- A-Z Animals
The ocellated turkey is a wildfowl found in Central America. It is a fairly large bird and a source of food for the local population. They are also hunted for sport.
Size: Ocellated turkeys measure at around 28-48 in (70-122 cm) long.
Weight: The average weight for males is 6.6 lb (3 kg) while that for the females is 11 lb (5 kg).
Color: A lustrous mixture of bronze and green feathers on the body, while the tail is blue-gray with blue-bronze eye spots towards the end, and a gold tip. The head and neck are featherless and bright blue in color. The eyes have a bright red skin ring. There is a blue crown with orange-yellow warts on the males’ heads. Both genders have a dark red pair of legs. Males have spurs on their legs after they turn a year old.
Ocellated turkeys live in the Mexican Yucatan Peninsula, Northern Guatemala and Belize.
They primarily inhabit tropical deciduous and lowland evergreen forests. They can also sometimes be found in savannahs, marshlands, mature rainforests and abandoned farmlands.
Ocellated turkeys have a generalist feeding habit. Their omnivorous diet consists of nuts, berries, seeds, leaves, moths, ants, and beetles.
The breeding season for ocellated turkeys falls mostly between late-March and mid-April. Males grow more colorful just prior to this period and extensively woo females with strutting displays. She lays 8-16 eggs which hatch after an incubation period of 28 days.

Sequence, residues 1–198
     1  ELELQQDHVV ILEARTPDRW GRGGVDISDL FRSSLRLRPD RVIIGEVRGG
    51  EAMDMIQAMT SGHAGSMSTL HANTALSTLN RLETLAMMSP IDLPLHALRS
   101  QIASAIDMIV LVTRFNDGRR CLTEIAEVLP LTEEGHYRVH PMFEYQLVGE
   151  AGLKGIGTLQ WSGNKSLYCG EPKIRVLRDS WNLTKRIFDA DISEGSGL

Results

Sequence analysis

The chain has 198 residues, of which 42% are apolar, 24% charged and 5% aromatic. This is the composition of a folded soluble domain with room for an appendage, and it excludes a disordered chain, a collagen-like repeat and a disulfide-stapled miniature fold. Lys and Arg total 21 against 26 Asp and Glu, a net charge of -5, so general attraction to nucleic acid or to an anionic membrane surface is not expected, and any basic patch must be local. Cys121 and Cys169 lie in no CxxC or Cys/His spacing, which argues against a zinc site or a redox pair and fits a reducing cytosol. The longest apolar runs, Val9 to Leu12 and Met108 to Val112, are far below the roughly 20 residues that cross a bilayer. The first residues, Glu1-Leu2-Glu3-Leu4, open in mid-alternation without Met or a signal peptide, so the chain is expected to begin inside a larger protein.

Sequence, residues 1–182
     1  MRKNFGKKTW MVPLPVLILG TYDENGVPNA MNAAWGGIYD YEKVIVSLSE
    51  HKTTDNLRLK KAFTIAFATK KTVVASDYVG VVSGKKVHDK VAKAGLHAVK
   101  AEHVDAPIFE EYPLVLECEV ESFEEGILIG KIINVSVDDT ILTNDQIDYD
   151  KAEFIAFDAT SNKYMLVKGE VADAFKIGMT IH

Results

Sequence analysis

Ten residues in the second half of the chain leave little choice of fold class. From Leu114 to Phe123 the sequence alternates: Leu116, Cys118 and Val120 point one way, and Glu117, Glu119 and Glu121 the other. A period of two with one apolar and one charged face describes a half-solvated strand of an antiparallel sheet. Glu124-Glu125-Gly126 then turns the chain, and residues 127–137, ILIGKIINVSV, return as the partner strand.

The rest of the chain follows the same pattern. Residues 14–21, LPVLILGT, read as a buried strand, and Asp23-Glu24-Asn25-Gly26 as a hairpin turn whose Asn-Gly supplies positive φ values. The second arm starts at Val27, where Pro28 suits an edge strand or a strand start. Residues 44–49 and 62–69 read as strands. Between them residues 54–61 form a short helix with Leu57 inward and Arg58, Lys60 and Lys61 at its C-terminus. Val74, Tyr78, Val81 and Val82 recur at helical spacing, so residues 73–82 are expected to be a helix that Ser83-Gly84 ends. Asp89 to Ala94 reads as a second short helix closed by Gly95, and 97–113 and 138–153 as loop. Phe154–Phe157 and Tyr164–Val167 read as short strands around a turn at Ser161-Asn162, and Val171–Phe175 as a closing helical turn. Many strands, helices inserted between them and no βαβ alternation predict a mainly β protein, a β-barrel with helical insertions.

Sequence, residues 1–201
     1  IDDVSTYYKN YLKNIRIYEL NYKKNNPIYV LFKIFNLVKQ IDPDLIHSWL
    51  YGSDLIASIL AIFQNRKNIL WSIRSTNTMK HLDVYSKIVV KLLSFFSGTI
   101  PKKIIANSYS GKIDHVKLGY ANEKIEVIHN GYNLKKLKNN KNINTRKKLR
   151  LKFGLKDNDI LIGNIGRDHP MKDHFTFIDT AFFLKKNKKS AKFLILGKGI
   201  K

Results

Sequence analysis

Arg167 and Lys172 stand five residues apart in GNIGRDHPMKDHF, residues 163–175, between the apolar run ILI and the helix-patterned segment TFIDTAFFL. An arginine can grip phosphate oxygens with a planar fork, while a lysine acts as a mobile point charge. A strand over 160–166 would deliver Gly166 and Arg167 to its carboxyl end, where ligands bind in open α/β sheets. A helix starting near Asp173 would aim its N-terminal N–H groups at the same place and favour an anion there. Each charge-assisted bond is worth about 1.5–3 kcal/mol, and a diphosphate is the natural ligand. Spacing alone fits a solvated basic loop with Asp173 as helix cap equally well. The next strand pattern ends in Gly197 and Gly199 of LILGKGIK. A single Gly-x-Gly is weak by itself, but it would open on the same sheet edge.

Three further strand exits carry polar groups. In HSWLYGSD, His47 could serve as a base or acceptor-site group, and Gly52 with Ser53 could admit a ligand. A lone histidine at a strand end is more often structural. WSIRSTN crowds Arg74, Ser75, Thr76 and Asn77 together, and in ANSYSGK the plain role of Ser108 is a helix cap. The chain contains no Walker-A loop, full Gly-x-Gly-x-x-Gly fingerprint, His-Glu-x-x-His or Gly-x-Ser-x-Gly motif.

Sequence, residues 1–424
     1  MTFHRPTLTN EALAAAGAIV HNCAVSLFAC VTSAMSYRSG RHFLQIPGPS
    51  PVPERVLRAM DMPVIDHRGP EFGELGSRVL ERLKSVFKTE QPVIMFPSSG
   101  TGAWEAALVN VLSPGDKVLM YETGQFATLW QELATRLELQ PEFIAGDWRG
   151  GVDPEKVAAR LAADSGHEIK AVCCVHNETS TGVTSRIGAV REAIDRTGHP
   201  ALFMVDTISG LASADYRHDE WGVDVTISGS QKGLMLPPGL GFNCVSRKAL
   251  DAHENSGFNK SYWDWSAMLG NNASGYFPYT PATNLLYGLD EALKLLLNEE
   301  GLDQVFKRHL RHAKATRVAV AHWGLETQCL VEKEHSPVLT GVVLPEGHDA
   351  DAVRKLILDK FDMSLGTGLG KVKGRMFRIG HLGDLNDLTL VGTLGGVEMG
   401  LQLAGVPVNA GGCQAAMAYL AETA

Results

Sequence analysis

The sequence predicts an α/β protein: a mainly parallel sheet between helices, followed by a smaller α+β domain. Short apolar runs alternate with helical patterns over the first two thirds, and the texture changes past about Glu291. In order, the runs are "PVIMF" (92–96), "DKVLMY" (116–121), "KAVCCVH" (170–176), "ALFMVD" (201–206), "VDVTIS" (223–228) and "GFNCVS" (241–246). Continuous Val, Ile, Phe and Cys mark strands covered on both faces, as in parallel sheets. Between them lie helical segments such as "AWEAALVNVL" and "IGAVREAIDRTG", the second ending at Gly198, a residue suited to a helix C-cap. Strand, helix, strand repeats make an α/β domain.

Females guard the hatchlings with their life. Males usually do not have any parental investment. The hatchlings, for their part, can feed and walk on their own soon after birth. Male chicks reach sexual maturity at 2-3 years of age while females reach the stage after 1 year.
Information regarding the ocellated turkey’s lifespan is insufficient.
Male ocellated turkeys have been known to make drumming sounds with a low frequency, and a high-pitched gobbling sound. Both sexes make a nasal cluck-putt sound that informs others of their location. They increase the sound of this call to communicate an alarm.
The IUCN lists the ocellated turkey under their ‘Near Threatened’ category.